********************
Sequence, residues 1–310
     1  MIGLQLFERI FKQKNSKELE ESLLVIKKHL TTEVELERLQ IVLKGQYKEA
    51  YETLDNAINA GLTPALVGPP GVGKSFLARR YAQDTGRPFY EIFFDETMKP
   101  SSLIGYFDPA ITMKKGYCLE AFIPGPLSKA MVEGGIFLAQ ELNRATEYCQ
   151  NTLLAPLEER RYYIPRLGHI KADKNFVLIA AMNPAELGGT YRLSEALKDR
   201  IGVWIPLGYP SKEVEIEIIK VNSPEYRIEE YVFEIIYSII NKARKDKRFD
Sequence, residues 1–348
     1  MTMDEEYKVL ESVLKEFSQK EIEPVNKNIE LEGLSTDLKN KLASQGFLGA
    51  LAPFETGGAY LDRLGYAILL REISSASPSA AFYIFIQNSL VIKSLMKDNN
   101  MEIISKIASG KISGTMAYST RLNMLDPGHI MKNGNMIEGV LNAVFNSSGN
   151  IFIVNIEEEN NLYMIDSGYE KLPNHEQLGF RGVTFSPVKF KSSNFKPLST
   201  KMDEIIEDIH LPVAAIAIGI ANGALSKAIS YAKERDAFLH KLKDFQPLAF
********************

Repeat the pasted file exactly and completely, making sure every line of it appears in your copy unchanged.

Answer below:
Sequence, residues 1–310
     1  MIGLQLFERI FKQKNSKELE ESLLVIKKHL TTEVELERLQ IVLKGQYKEA
    51  YETLDNAINA GLTPALVGPP GVGKSFLARR YAQDTGRPFY EIFFDETMKP
   101  SSLIGYFDPA ITMKKGYCLE AFIPGPLSKA MVEGGIFLAQ ELNRATEYCQ
   151  NTLLAPLEER RYYIPRLGHI KADKNFVLIA AMNPAELGGT YRLSEALKDR
   201  IGVWIPLGYP SKEVEIEIIK VNSPEYRIEE YVFEIIYSII NKARKDKRFD
Sequence, residues 1–348
     1  MTMDEEYKVL ESVLKEFSQK EIEPVNKNIE LEGLSTDLKN KLASQGFLGA
    51  LAPFETGGAY LDRLGYAILL REISSASPSA AFYIFIQNSL VIKSLMKDNN
   101  MEIISKIASG KISGTMAYST RLNMLDPGHI MKNGNMIEGV LNAVFNSSGN
   151  IFIVNIEEEN NLYMIDSGYE KLPNHEQLGF RGVTFSPVKF KSSNFKPLST
   201  KMDEIIEDIH LPVAAIAIGI ANGALSKAIS YAKERDAFLH KLKDFQPLAF